We’ve come to the end of the first two weeks of our month in
Europe. The end of the ‘free
wheeling’ segment. Planes, trains
and automobiles. A week of racing
around to various sites and a week of relaxing near the ocean.
Can’t say goodbye to the car fast enough. It’s been the only stressful component
of the trip so far. Of course
after finally getting a feel for driving a standard again and getting
comfortable in those (%$&#!) traffic circles, it’s time to turn it in. That there is no damage and I didn’t
run anyone off the road is a very good thing. I’ll say it again for the last time, if you’re coming this
way and a car rental is part of the plan – ‘mini’ is magnificent.
The camping experience in the ‘wild west’ campground turned
out to be a hoot. It looked kind
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of hokey but in the end was charming.
Our last night they had line dancing lessons and most of the campground
took part. Sorry westerners, it’s
still lame in my books, but the locals ate it up! In a region full of campgrounds this one really has some
The town of Hourtin itself was great. Located on a large lake for boaters and
only a short drive to the ocean.
We spent two full days just hanging out on the beach ‘people watching’. I’m beginning to appreciate the devil-may-care attitude of
the French. Most of them sport sun
tans that make George Hamilton look like Philadelphia cream cheese. And they puff away non stop on
cigarettes. Helmets on a
bike? You must be kidding! How on
earth has this society survived centuries without every aspect of their life
being regulated for ‘safety’?
(insert editorial smirk here)
Vive le France!
Live for today and damn the torpedoes.
Life on the ocean is a non stop circus. Because the undercurrent can be dangerous
there is a designated swimming area.
You have this wonderful beach stretching for kilometers and 500 swimmers
jammed into one tiny section riding the waves. It’s like you’ve landed in the middle of the swim leg of a
triathalon. Stray outside the
markers and you’ll be blasted by the lifeguards and their high pitched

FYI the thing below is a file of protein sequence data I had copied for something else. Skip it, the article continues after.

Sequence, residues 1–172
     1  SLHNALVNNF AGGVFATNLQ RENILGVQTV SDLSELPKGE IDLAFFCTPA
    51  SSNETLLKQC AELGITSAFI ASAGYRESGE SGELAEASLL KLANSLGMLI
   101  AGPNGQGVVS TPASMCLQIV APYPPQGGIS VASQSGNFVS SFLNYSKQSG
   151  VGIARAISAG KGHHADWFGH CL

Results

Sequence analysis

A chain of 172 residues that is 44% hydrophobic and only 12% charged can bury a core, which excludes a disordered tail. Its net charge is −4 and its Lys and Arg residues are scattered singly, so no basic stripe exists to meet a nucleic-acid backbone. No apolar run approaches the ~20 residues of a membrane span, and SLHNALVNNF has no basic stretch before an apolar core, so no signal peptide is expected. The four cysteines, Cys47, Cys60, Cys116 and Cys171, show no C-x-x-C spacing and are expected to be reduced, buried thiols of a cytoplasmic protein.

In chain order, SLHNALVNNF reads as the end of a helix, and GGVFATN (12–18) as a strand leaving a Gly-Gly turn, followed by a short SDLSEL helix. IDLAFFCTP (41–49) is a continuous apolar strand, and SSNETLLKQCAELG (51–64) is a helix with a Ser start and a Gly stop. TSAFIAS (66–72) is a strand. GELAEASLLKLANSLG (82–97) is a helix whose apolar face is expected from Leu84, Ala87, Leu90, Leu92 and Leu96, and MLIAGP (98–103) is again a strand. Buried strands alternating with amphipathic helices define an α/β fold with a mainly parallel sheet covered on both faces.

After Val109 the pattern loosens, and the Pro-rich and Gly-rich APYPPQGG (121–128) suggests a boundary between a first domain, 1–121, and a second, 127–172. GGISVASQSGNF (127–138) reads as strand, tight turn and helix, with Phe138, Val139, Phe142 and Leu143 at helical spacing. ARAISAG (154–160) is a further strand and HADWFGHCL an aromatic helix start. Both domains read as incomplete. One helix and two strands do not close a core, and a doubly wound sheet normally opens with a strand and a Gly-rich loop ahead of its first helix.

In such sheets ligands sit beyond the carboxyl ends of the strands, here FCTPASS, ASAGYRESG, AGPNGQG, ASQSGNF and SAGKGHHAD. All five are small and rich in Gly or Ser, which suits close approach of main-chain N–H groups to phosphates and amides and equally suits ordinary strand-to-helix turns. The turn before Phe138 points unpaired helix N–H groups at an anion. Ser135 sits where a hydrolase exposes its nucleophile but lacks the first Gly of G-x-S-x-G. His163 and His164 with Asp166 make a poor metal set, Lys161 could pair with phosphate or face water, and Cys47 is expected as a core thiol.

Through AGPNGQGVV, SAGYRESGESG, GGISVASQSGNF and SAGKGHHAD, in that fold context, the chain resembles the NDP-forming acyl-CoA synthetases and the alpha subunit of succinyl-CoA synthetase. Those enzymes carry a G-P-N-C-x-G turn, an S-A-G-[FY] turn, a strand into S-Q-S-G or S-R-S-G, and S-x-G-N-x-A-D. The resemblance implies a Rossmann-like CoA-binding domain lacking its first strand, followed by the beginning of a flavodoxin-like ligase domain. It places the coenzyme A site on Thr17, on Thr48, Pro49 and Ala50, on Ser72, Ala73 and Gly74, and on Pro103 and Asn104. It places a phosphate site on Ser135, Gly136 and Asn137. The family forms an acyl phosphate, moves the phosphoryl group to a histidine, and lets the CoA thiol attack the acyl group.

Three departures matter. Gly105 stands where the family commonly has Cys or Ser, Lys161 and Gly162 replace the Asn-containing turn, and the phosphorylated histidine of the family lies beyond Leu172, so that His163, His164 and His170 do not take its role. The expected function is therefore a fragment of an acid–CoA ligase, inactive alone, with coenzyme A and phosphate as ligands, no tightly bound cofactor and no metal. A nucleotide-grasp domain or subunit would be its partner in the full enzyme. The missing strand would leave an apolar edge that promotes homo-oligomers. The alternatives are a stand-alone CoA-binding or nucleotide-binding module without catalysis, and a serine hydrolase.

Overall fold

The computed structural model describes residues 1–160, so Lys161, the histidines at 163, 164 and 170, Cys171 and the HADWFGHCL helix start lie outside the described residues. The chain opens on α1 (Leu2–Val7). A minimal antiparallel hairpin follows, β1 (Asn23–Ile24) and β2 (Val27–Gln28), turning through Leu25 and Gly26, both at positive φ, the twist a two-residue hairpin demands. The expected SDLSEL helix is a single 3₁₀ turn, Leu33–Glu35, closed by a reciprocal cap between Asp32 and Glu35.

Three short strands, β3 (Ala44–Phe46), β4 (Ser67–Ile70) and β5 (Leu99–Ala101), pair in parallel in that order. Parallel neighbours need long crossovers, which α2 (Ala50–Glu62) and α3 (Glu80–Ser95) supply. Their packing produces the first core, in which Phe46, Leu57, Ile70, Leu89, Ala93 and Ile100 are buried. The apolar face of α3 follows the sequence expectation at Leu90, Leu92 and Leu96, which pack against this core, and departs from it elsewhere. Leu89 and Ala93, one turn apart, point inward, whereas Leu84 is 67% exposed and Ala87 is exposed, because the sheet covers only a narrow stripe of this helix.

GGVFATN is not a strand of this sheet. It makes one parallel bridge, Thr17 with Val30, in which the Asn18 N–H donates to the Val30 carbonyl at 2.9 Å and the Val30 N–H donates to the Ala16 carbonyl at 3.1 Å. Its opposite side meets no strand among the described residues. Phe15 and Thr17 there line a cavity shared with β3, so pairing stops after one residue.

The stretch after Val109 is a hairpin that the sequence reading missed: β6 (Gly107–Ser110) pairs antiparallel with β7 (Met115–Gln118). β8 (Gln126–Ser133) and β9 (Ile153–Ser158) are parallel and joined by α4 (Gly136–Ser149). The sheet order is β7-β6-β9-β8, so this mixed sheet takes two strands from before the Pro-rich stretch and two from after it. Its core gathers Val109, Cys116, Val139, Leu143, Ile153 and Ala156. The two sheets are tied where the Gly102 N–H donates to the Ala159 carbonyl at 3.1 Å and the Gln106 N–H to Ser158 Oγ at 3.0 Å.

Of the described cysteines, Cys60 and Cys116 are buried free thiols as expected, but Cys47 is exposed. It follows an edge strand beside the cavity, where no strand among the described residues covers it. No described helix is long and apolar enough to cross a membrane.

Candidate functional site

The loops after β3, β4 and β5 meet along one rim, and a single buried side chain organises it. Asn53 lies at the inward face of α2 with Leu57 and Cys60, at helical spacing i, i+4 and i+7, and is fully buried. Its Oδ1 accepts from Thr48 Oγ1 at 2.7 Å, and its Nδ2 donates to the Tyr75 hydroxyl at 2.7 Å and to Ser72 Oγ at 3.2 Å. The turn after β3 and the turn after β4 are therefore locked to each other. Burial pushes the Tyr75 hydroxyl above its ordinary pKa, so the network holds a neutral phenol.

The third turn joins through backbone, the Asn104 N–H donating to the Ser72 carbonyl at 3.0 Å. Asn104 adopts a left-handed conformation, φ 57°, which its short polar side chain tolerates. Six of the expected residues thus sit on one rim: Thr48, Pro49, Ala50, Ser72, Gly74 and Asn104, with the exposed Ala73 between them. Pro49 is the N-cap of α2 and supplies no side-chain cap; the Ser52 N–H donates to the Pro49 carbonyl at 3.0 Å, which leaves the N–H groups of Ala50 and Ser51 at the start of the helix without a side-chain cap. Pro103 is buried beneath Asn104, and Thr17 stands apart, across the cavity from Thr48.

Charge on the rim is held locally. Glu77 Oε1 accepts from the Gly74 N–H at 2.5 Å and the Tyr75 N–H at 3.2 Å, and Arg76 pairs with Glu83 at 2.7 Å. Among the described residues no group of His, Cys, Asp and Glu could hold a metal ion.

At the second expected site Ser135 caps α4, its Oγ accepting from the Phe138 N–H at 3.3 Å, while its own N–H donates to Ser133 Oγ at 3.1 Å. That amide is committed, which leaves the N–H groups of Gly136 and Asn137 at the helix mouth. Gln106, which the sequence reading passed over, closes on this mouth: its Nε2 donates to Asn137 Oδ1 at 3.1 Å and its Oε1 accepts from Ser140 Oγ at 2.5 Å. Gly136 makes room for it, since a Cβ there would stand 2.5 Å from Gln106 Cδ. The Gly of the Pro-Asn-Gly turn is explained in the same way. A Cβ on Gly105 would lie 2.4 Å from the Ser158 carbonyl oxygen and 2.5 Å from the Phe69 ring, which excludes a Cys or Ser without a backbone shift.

whistles. Two are on shore and two
sit atop a tall metal watchtower.
Baywatch glamorous this ain’t.
Every half hour they have to pick up the tower and move it
closer to shore because the tide keeps creeping in.
Twice now we’ve had quick train stops through Paris
requiring connections using the Metro. ( local underground transit). It’s a piece of cake and you can really
zip around town. Buy your tickets
from the seller and ask for “un carnet de billets”. (oon car-nay de
bill-eh). It’s the best deal to get ten tickets that can be used whenever you
want. One ticket is good for
riding the metro all day. We
bought the ten, got to where we needed to be, and will use the remaining 6 when
we’re back again next week.
Just keep moving!
We had a classic moment yesterday when trying to board the Metro to our
train station. The train pulled
in, people got off, and Kandi, Laura and Liam made it on— but not Liam’s
luggage or dear old dad. ‘I’ll
meet you at Bercy!” I yelled as the train pulled away.
It only meant I caught the next train two minutes later, but
it was dramatic! Bottom line: It’s nice to be polite and let
people on ahead of you…. Just be ready to push your way in at the last minute.
Tonight we catch an overnight train from Paris to Rome where
we’ll begin a two week ‘organized’ tour of Italy, the Swiss Alps and wind up
again in Paris. The four of us are
in a 6 person couchette, which means we’ll soon have some sleeping company. Friends for life? Nightmare on the Rome express?